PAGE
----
The same attitude has been on display recently on various Montana progressive blogs.  Pogie actually did a great job of getting to the issue and fostering a discussion around the role of dissension within a political party in shaping policy and strategy.  Others however have been eager to follow the STFU guidelines.  From LITW:

Here’s the dealio.  Democrats still have value.  I like Jon Tester, even more for taking action on wolf control dictated by the judiciary.  Don’t like that?  Tough shit.  Leave.  I like Barrack Obama.  I think he called out the Republicans and has played them very well.  Don’t like that?  Tough shit.  Leave.  Seriously.  You don’t like Democrats?  Leave, assholes.

The problem with the STFU/your-either-with-us-or-against-us type attitude is that people really do leave.  People will choose to vote for third party candidate like Nader when they get frustrated enough which then gives us 8 years of THE ADVENTURES OF BUSHIT AND TURD BLOSSOM .

If a party doesn’t listen to internal dissent and respond to the criticism by addressing people’s grievances then people leave.  The Republicants were electorally successful in the last cycle specifically because they embraced the crazy hidden within themselves and physically manifested as the Tea People.

Do we really want to put this at the entrance to the Democratic party?

Baucus Tasked to Work Out “Compromise” on Extending Tax Cuts for the Rich

By JC

Thanks to Big Swede Ingy, we have the theme for the upcoming battle over the Bush tax cuts. If you need a primer on this fight, you haven’t been paying attention, but I’ll start off this end-of-the-year debate with a nice little video that BoldProgressives.org just put out to put some pressure on President Obama to do the right thing.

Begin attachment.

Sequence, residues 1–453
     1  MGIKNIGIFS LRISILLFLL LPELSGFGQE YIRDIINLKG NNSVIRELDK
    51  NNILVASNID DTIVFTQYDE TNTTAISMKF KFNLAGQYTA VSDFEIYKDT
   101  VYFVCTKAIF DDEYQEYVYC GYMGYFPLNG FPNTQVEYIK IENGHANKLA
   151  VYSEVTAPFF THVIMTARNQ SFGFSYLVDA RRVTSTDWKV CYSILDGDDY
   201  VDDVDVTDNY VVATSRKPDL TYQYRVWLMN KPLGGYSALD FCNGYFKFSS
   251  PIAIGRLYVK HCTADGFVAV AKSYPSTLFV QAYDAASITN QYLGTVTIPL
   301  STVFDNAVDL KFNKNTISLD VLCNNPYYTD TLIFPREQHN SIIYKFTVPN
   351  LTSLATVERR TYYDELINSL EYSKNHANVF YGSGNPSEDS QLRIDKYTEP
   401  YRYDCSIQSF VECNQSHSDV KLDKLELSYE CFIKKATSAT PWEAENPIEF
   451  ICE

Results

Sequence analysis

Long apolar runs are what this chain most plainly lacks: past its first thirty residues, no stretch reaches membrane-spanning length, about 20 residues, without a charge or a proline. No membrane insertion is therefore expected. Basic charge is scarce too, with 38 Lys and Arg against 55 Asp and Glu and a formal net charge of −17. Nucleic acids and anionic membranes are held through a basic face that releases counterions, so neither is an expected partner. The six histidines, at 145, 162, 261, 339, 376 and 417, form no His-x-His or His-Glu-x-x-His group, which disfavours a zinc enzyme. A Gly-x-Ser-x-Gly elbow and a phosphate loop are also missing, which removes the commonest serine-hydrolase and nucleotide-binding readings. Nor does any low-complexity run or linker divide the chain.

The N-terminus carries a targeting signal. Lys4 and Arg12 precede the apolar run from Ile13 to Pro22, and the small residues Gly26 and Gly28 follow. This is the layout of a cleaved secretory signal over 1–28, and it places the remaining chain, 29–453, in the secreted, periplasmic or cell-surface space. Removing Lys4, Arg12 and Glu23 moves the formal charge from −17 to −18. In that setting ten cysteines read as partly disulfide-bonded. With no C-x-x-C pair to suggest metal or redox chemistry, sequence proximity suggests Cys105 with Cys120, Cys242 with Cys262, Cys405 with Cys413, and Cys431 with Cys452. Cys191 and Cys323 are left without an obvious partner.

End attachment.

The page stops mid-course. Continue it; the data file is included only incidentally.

We’re gearing up to have an old fashioned political donnybrook over the Bush tax cuts for the wealthy. We’ll get to see the right wing’s avarice in full force–as so eloquently snarked by Big Ingy–while they forget all about their opposition to deficit spending when it comes to protecting their wealth and increasing income disparity, and push their greedy self-interest in an all out class warfare battle.

And President Obama, who so adamantly campaigned to let the tax cuts for the rich expire, is on the cusp of caving in, his administration hurling itself to the right to accommodate the latest meme that only a Reagan Democrat in the White House can get the people’s business done.

Yesterday, President Obama tasked his underlings to “work out a compromise:”

“Faced with a tough decision to make on the expiring Bush tax cuts, Congress and the White House did Tuesday what they do best: They passed the buck.

With the resolution to a fight Washington has known was coming for 10 years still hanging in the balance, a small group of legislators will meet with top executive-branch officials, including Treasury Secretary Timothy Geithner and Office of Management and Budget Director Jacob Lew, sometime this week — perhaps as early as Wednesday — to hammer out a deal.

The lawmakers slated to attend include Senate Finance Chairman Max Baucus (D-Mont.)…”

Max Baucus??? President Obama didn’t learn anything by handing over his Health Insurance Reform to Baucus, so now he’s going to hand over this issue to another Reagan Democrat millionaire to find a compromise?

Mr. President, your future rests with how you proceed. If you break your campaign promise to let the tax cuts for the rich expire, particularly when your opponent has already signaled his surrender, you do not deserve to have the support of the progressive base that put you into office. If you sign a bill that extends those tax cuts, even temporarily, you have signaled the end of your presidency, as the disaffection of your progressive base will solidify against you, assuring either your defeat in ’12, or the rise of a third party candidate that either will succeed, or that could throw the election to the republican and Sarah Palin.

It almost seems as if you don’t care if the country has a republican president and Congress in 2 years. Maybe you don’t…